— (1908)  Crataegus IN Trees of North America, Britton & Shafer, eds.  pp. 443-482. [citation incomplete]
— (1908)  Crataegi of the northeastern United States and adjacent Canada.  Rhodora 10:  73-84.
— (?) Rosaceae IN Vermont Shrubs and Woody Vines.  Vermont Agr. Exp. Station Bulletin 145.  [citation incomplete]
— (1909)  The Cragaegi of Mexico and Central America.  Bull. Torrey Bot. Club 36(9):  501-514.
— (1909)  New North American Crataegi.  Bull. Torrey Bot. Club 36(11):  639-642.
— (1910)  Sketch of the Crataegus problem with special reference to work in the South.  Journal. N.Y. Bot. Garden 11:  78-83.
— (1911)  New Crataegi of the Northeastern Manual Range.  Bull. Torrey Bot. Club 38(5):  243-244.
— (1912)  Apple family, Deam’s trees of Indiana.  11th Ann. Rep., Ind. State Board of Forestry, 251-280.
— (1912)  Crataegus IN Heller’s Cat. N. Am. Pl., ed. 3, pp. 169-193.
— (1913)  Crataegus IN Britton & Brown Ill. Flora, ed. 2, 2:  294-381.
— (1914)  Menziesia, a new stock-poisoning plant of the northwest States.  U.S. Dept. Agr. Circ. June 10, 1914.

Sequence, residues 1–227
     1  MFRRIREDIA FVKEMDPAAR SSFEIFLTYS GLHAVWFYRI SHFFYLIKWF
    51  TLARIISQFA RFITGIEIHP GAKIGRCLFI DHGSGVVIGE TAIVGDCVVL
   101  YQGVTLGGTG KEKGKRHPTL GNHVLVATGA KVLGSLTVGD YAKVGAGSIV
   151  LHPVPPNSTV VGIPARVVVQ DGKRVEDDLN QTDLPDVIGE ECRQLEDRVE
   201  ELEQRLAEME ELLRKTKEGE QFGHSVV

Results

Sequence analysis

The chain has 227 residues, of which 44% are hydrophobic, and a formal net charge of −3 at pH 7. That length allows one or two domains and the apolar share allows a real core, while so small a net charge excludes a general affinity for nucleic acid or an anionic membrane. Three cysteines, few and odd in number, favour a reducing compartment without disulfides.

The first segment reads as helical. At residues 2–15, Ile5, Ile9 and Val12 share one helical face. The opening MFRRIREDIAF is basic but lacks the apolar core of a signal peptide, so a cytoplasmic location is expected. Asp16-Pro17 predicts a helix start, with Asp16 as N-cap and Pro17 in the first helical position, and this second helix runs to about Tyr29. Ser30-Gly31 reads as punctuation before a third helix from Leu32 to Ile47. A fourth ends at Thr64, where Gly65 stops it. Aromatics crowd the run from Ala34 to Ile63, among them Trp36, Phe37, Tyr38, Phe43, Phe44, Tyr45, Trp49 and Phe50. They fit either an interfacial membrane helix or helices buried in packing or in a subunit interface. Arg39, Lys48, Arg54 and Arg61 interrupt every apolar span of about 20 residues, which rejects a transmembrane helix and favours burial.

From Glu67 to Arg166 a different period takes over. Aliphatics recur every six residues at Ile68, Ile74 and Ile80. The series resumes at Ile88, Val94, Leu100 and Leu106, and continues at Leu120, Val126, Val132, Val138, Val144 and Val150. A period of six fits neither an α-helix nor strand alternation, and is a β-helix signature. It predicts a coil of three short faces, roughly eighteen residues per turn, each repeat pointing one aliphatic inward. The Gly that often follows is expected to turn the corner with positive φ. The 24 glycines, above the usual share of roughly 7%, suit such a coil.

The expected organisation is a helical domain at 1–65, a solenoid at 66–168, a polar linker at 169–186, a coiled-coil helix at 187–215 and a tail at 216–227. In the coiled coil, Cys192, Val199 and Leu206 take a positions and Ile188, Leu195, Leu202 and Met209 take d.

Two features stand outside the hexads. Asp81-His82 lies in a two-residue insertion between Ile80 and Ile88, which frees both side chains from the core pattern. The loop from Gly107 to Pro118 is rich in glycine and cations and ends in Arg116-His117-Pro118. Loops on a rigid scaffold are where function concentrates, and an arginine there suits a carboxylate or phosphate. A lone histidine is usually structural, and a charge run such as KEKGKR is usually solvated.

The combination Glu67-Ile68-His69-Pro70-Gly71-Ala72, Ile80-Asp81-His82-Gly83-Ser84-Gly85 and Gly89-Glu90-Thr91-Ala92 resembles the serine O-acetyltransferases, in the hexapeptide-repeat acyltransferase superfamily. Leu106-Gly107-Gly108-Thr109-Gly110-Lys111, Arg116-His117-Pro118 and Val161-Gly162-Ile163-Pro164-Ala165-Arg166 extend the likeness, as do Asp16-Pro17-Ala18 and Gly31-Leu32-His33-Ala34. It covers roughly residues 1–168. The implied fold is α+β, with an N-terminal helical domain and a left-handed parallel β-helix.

— (1915)  Flora of Vermont.  Vt. Agr. Exp. Station Bull. 137:  137-258. (Eggleston was principal editor and joint author.)
— (1920)   The whorled milkweed (Asclepias galioides) as a poisonous plant.  U.S. Dept. Agr. Bull. 200:  5-8.
— (1920)  Baccharis pteronioides as a poisonous plant of the Southwest.  J. Am. Vet. Med. Assoc. 57:  430-434.
— (1921)  Poisonous properties of the Whorled Milkweeds Asclepias pumila and A. verticillata var. geyeri.  U.S. Dept. Agr. Bulletin 942.
— (1921)  The Mexican Whorled Milkweed (Asclepias mexicana) as a poisonous plant.  U.S. Dept. Agr. Bulletin 969.
— (1921)  Western Sneezeweed (Helenium hoopesii) as a poisonous plant.  U.S. Dept. Agr. Bulletin 947.
— (1923)  The poisonous properties of Bikukullacucullaria and B. canadensis.  J. Agr. Res. [incomplete citation]
— (?)  New North American Crataegi.  Bull. Torr. Bot. Club 36(11):  639-642. [citation incomplete]